In a landmark paper, Len Adleman showed that DNA can be used to perform computation at the molecular level when he solved a small instance of the Directed Hamiltonian Path problem. Richard Lipton soon adapted Adleman's techniques into a more general method for performing bitwise computation using DNA. This talk discusses how one can apply Lipton's approach to the daunting task of breaking the federal Data Encryption Standard (DES) cryptosystem.
I will first briefly discuss the fundamentals of DNA structure and function, followed by a description of some common molecular biology procedures that will be used to manipulate DNA for our purposes. I will then introduce Lipton's method for circuit evaluation and show how to apply it to the DES circuit.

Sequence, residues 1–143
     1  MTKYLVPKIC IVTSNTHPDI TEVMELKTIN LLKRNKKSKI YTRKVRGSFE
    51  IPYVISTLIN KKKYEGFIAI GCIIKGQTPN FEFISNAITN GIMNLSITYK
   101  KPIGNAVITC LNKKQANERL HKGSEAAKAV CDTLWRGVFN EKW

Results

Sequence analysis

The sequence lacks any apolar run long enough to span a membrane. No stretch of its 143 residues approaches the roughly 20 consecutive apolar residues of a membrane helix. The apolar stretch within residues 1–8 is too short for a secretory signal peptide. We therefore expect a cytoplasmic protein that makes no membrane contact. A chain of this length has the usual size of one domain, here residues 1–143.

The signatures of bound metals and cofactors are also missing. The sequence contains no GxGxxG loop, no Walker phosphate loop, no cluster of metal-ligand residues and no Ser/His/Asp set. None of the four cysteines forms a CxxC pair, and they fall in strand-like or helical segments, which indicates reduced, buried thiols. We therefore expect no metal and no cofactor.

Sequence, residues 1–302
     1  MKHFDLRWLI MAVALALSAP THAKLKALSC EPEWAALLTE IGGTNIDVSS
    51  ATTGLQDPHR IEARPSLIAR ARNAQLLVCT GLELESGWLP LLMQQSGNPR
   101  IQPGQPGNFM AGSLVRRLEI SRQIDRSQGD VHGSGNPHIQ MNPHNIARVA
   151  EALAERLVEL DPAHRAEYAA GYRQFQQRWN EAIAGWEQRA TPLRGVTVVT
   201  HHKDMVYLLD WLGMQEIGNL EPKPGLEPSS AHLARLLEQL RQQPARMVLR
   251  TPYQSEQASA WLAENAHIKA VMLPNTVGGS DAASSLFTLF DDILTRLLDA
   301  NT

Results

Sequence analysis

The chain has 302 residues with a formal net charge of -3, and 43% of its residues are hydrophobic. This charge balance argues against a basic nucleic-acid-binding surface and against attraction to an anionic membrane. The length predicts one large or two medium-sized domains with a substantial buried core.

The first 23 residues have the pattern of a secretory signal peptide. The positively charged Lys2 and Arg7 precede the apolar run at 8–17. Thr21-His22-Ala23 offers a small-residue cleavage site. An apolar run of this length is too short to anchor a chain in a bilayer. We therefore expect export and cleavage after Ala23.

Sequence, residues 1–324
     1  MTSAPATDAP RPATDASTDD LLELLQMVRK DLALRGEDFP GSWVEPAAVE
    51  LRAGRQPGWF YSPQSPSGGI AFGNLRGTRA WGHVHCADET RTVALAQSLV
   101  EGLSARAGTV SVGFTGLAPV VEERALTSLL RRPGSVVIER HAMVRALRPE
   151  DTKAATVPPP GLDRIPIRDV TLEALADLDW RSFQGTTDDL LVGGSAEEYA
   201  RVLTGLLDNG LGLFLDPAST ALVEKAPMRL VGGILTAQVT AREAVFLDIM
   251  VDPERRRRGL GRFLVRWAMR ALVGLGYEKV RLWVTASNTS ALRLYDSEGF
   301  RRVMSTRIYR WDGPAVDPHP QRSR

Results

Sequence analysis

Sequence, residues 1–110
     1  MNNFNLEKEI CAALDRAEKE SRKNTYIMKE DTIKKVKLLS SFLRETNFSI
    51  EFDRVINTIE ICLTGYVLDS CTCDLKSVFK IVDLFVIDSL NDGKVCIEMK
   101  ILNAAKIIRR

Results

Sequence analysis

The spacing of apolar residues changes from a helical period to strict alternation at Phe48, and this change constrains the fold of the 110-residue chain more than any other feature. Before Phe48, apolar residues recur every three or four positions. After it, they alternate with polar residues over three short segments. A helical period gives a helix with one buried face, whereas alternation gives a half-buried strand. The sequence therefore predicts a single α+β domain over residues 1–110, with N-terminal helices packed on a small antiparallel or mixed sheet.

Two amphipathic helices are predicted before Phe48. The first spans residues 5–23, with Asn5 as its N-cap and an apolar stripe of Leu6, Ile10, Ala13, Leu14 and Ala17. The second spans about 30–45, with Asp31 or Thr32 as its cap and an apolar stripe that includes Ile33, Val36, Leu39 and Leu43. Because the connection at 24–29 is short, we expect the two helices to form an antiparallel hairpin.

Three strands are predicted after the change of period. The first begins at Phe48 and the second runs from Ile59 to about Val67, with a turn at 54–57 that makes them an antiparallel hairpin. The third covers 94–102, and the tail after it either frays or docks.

We will close the discussion with a survey of the pitfalls one can encounter in a DNA computer, and I will describe our ongoing experiments in the biology laboratory.
This is joint work with Dan Boneh, Richard Lipton, and Ted Cox.